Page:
Note: This question was written for the weekly topic challenge.

Many asset allocation funds presume the investor knows his target risk level, typically on some spectrum from conservative (mostly G7 fixed income) to aggressive (mostly equities, commodities, emerging markets). Other types of asset allocation funds, known as target date funds, continuously vary the risk exposure as a function of age, or years left until retirement.

Besides deep introspection (e,g, answering questions such as "do you lay awake at night thinking about your investments?"), how can one figure out his risk tolerance? What advice can we offer to clients as to what their target risk level should be beyond simple rules of thumb such as "invest a percentage of assets in low risk assets equal to your age" or "60% equity / 40% fixed income for all working age adults"? Is anyone familiar with quantitative work on measuring "optimal" risk tolerance as a function of other life circumstances, such as expected future income, current savings (both liquid investments and illiquid assets such as housing), expected future expenses (e.g. children's schooling), etc? Even empirical work, measuring observed risk tolerances as a function of these characteristics, may be hugely beneficial (wisdom of crowds).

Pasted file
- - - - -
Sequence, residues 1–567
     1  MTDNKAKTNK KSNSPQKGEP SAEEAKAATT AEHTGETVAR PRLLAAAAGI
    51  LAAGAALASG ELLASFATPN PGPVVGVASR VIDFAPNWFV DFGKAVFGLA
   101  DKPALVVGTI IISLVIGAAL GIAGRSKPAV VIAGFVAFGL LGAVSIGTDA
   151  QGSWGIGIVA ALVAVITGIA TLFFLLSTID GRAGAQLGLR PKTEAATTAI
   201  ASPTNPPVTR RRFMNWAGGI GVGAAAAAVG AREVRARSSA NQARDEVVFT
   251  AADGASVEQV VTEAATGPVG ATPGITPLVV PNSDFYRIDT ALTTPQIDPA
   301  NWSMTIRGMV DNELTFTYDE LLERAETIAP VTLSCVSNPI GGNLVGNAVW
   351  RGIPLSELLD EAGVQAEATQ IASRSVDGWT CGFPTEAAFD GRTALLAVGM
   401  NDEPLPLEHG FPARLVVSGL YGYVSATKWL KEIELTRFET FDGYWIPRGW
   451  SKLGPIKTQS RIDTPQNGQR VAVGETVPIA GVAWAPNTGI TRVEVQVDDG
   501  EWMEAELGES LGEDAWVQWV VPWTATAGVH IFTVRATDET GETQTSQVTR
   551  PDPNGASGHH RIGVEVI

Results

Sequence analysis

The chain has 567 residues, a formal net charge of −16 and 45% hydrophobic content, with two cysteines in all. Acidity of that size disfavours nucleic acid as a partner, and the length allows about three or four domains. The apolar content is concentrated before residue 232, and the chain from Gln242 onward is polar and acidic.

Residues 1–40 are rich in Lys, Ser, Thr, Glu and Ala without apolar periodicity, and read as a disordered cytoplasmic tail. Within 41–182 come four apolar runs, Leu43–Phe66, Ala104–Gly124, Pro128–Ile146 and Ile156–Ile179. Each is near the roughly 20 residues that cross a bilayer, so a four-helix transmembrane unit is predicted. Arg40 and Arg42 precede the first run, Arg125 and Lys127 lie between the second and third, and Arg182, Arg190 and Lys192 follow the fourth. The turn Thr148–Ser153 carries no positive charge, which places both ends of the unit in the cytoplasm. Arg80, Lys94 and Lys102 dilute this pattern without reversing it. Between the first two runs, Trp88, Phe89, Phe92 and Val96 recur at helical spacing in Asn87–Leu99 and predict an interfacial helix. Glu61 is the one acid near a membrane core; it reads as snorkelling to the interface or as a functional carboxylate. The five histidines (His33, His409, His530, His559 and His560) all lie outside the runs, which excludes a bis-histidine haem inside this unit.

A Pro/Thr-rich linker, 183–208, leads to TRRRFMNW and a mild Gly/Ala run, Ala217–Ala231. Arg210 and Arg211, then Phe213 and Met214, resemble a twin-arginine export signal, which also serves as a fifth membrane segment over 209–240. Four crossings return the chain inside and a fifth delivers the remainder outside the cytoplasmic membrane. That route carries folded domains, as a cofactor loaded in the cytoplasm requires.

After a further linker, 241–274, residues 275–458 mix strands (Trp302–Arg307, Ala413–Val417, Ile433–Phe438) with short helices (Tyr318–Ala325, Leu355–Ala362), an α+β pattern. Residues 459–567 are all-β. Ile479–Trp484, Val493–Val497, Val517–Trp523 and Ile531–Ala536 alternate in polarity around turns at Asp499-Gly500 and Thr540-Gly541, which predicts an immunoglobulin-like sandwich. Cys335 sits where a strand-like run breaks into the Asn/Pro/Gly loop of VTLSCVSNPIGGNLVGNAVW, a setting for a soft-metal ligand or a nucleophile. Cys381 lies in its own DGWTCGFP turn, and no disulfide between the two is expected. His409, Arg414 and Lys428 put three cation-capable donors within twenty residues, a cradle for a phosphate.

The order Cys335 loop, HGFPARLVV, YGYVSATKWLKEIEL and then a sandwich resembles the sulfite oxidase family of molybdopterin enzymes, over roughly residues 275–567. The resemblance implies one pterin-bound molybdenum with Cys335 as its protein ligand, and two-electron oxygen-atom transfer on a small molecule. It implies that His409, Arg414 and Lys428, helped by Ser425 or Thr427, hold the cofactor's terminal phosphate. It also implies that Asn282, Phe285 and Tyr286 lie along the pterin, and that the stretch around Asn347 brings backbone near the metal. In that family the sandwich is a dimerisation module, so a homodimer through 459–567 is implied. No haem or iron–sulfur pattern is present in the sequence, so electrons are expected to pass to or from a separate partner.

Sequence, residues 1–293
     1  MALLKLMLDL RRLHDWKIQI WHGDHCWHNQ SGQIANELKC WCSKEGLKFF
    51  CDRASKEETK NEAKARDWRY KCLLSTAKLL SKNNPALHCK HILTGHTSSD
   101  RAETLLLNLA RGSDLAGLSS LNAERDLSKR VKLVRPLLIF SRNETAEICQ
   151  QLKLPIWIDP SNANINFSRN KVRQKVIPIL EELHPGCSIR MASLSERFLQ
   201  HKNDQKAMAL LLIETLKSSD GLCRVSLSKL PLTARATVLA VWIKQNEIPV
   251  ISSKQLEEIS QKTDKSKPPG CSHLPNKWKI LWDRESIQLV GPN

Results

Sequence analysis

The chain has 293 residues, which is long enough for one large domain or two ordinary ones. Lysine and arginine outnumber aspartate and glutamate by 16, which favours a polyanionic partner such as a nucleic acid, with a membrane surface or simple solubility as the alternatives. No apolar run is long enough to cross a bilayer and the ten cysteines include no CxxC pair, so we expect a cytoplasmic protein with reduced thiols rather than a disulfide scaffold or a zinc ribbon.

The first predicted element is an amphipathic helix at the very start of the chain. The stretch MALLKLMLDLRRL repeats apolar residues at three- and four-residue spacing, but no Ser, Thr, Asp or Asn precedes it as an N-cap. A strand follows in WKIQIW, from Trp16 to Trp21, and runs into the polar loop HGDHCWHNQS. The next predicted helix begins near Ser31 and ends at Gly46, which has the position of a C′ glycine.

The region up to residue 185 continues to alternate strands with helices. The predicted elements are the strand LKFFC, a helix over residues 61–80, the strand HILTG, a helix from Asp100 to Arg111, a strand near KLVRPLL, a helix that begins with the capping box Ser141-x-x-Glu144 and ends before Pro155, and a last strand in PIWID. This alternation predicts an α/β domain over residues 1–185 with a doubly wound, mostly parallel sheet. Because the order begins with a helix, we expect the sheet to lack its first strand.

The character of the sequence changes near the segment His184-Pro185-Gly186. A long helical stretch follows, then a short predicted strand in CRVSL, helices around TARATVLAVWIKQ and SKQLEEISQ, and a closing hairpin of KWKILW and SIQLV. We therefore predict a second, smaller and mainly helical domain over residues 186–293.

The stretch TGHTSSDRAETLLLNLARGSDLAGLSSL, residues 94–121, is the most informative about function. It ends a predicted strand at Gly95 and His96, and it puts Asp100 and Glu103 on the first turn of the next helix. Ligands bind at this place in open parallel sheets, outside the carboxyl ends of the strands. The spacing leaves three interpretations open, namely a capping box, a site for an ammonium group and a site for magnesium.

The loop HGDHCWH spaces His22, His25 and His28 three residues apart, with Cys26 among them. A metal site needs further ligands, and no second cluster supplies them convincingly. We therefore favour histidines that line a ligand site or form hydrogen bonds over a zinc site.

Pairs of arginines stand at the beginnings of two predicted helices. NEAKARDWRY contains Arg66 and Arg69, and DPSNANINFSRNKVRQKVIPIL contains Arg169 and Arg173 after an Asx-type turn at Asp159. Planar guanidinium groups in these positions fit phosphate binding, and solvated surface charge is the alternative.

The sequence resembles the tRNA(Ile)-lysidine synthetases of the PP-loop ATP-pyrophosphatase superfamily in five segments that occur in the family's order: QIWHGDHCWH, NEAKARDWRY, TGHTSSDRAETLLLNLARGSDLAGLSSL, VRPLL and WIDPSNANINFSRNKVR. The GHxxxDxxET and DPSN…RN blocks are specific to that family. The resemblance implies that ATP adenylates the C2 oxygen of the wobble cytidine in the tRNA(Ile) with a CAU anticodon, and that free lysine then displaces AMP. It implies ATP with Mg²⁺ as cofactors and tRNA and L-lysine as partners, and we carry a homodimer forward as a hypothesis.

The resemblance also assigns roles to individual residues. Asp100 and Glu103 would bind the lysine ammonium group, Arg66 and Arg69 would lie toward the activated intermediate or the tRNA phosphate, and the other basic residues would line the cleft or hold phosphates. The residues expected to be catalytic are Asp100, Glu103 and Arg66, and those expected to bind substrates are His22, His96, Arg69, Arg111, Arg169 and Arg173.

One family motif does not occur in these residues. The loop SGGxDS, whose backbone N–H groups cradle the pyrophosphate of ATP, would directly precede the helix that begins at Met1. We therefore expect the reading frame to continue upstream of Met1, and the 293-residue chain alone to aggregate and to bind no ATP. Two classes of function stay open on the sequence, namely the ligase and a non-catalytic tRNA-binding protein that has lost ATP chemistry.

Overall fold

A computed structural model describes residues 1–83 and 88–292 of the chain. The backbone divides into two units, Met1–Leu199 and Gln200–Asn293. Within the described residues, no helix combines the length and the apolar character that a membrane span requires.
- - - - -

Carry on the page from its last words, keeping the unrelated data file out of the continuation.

I believe a nice way to discuss this is to set up a questionnaire which would put them in a situation where they have to make choices between different types of investments (which are abstract) in order to estimate their risk aversion.

For example, you ask the people whether they prefer an investment making +10% (80% of the time) and -25% the rest of the time or something making +5%/-5% with equal probability. You repeat the experience with different magnitude and different signs (sometimes both are positive, sometime both are negative).

By looking at the results, you should be able to determine whether the person is risk-averse or not (essentially by estimating how much they discount "risky" investment), and also if they are sensible to the directions of the trade.

I do not have any formal research about this, but that's the way I'd go. I could also suggest taking an initial amount of money corresponding to the wealth of the person being tested and speaking in terms of resulting amounts, not percentages.

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  • $\begingroup$ This is hard to do since the preferences depend on the amounts involved and even the order of the questions. $\endgroup$ – Bob Jansen Jan 4 '12 at 5:53

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